Common root rot (wheat)

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Common root rot is a disease of wheat caused by one or more fungi. Cochliobolus sativus, Fusarium culmorum and F. graminearum are the most common pathogens responsible for common root rot.[1]


Small, oval, brown lesions on the roots, lower leaf sheath and subcrown internode. As the disease progresses, lesions may elongate, coalesce and girdle the subcrown internode and may turn from brown to nearly black.

Crop losses[edit]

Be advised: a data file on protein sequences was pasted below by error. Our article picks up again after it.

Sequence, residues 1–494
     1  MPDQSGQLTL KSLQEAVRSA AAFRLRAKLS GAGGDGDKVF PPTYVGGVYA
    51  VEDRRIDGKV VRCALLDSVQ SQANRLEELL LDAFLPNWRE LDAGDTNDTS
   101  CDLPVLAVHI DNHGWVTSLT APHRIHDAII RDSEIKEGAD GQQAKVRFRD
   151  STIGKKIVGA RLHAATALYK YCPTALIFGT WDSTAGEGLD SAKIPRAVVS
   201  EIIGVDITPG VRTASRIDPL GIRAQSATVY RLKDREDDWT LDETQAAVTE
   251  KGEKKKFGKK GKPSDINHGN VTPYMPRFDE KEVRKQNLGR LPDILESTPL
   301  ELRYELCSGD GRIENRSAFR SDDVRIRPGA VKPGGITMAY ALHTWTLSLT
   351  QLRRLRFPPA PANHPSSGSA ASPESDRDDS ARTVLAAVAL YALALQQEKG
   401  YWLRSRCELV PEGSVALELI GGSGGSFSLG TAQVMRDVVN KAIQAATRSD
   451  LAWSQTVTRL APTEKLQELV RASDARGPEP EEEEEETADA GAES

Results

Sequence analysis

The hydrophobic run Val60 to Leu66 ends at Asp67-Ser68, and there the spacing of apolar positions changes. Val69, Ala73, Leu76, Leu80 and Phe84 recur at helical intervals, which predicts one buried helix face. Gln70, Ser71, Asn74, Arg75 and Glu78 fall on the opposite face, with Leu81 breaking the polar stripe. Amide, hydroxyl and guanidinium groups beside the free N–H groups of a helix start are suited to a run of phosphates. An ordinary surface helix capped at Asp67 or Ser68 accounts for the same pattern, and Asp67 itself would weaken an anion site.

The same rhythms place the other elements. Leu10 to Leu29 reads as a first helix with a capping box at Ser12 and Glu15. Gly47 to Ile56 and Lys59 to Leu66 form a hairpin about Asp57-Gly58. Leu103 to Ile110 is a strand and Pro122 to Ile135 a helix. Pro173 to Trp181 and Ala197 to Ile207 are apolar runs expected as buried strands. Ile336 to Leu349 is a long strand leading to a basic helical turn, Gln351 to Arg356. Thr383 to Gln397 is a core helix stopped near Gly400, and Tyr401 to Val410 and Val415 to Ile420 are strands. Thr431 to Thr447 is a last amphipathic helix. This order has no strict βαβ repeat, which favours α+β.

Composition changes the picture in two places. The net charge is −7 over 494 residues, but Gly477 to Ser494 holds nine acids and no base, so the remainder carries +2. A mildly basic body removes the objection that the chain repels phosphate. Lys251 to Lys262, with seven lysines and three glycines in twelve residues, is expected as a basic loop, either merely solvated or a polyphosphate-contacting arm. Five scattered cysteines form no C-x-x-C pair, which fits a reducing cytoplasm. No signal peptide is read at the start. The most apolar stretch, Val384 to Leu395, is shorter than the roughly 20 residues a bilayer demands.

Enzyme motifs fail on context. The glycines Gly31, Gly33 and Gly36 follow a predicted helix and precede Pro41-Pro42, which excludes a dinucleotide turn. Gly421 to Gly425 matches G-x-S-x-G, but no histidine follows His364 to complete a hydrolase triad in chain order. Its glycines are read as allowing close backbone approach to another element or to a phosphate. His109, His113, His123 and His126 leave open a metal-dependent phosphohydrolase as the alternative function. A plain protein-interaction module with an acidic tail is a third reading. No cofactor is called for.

Losses in potential yield from common root rot of wheat were estimated at 5.7% annually over the 3-year period 1969–71 in the Canadian prairie provinces and at 7% annually over the 10-year period 1968–78 ub Saskatchewan, Canada.[2]


  1. ^ Wiese, M.V. (1987). Compendium of wheat diseases. American Phytopathological Society. pp. 124 pp.
  2. ^ Martens, J.W.; W.L. Seaman; T.G. Atkinson (1984). Diseases of field crops in Canada. Canadian Phytopathological Society. pp. 160 pp.